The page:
THE DAY I DIED LAUGHING, or
Florence of Arabica
..When manic I still steal.
When in my right mind I uphold social order with the best.
Perhaps the boredom had set in that day.
My relatives, over lunch, were having familiar circular Pinteresque conversations.
My gourd, and how I escaped it, by Nigel Molesworth.
There it sat, on the big shelf –
T. E. Lawrence’s Seven Pillars of Wisdom, a fat first edition.
Granny had promised it to me and maybe that was all I would ever take from that room,
that overlooked the ocean on all days, calm or stormy.
I wasn’t winning any Oscars sitting there in the overstuffed furniture,
vainly trying to cross my legs with a bad back.
Just as chocolate is addictive, so is personal failure.
It’s a closed set.
Why did I feel so daring as I stuffed the tome into my knapsack when Granny’s back was turned?
The Robertsons, being Scots, do not steal one from the other.
Uncle Jim, forty years later, is still looking for his missing war maps and some mysterious cufflinks.
I had often recommended family court, with me, as the oldest, playing judge, of course.
But the pecking order is a fiercely contested matter.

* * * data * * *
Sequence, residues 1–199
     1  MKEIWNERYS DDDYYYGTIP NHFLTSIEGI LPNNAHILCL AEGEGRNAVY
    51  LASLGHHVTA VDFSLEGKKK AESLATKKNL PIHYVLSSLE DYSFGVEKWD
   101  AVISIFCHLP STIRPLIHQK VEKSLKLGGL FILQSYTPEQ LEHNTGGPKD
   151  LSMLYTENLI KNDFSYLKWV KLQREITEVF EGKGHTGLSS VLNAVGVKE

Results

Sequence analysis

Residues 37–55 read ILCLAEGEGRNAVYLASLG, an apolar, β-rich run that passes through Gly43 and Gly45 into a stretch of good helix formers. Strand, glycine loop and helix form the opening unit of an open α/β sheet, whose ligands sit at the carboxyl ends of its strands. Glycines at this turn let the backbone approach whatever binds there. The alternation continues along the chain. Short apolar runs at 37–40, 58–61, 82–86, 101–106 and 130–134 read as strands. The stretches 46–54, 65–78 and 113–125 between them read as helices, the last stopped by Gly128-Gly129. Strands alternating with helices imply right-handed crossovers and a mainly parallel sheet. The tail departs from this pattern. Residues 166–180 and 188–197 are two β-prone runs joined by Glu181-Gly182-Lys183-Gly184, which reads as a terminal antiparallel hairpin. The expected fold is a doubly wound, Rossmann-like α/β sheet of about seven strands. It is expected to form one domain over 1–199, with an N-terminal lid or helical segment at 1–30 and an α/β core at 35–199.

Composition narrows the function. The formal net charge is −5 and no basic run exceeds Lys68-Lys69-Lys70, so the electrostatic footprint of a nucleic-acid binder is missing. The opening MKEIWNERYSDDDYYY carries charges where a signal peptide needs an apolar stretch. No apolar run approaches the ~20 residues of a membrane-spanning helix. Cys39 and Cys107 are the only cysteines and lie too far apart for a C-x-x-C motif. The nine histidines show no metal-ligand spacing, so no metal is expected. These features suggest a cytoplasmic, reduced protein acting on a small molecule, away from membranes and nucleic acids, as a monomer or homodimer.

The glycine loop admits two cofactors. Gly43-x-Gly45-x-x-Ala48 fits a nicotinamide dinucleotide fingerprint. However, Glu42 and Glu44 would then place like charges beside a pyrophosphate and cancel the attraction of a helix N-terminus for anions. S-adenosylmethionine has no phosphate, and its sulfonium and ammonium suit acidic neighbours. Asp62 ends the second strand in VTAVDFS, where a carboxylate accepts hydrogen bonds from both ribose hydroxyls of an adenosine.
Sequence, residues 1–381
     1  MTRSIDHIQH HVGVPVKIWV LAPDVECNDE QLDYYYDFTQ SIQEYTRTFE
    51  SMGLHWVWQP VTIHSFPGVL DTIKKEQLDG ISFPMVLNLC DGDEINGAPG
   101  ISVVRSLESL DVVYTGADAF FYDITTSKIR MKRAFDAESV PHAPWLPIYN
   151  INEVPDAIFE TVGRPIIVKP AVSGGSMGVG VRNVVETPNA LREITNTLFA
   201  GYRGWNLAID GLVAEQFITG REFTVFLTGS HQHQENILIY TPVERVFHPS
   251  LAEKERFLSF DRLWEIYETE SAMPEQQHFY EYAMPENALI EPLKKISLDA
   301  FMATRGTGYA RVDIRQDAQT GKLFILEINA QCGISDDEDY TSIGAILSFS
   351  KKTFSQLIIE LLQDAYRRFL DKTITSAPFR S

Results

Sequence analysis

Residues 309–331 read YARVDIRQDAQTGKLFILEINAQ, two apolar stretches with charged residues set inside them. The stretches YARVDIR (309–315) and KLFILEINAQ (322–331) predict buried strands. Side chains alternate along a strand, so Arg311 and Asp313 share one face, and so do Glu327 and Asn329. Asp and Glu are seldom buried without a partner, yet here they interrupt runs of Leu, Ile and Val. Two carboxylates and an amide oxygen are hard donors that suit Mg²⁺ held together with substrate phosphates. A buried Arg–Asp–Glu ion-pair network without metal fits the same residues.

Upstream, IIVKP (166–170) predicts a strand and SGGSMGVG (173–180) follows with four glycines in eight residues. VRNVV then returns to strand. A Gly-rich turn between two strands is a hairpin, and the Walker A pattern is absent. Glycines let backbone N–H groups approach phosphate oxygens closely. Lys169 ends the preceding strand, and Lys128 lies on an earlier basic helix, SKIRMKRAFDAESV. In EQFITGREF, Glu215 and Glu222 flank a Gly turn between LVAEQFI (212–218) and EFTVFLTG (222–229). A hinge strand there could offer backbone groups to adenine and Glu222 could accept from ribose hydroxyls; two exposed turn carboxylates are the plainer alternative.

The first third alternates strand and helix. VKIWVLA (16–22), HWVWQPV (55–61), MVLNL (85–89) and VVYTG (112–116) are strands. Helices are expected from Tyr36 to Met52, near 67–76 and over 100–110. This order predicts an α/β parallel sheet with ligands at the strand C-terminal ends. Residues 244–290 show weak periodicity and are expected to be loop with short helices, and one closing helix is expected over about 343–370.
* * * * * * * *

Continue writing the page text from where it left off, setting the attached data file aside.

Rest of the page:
I hit the West Saanich Road with the sack over my shoulder.
It was hot.
What I can remember I do, of childhood molestations
and the TE Lawrence weather that obliged me to walk the road from Patricia Bay, aged seven.
A distance of five miles.
I was always missing rides.
It would always be, in my memory, the Devil’s anvil, that no one had ever crossed,
except Uncle Harold Wilson the clothier,
who always stopped at the Legion Hall, for two or three,
while I sat in the station wagon wondering which uncle I could persuade
to take me yet again to the Guns of Navarone.
DAVID JURE: Excerpt from A BURKE IN PROGRESS (Page 59)
Self-published 2010, and available from the author for $10.00 Can.
Please phone J. David Burke (‘David Jure’) @ 250 220 23 54
Leave a message if author is out in Cook Street Village sharing smokes.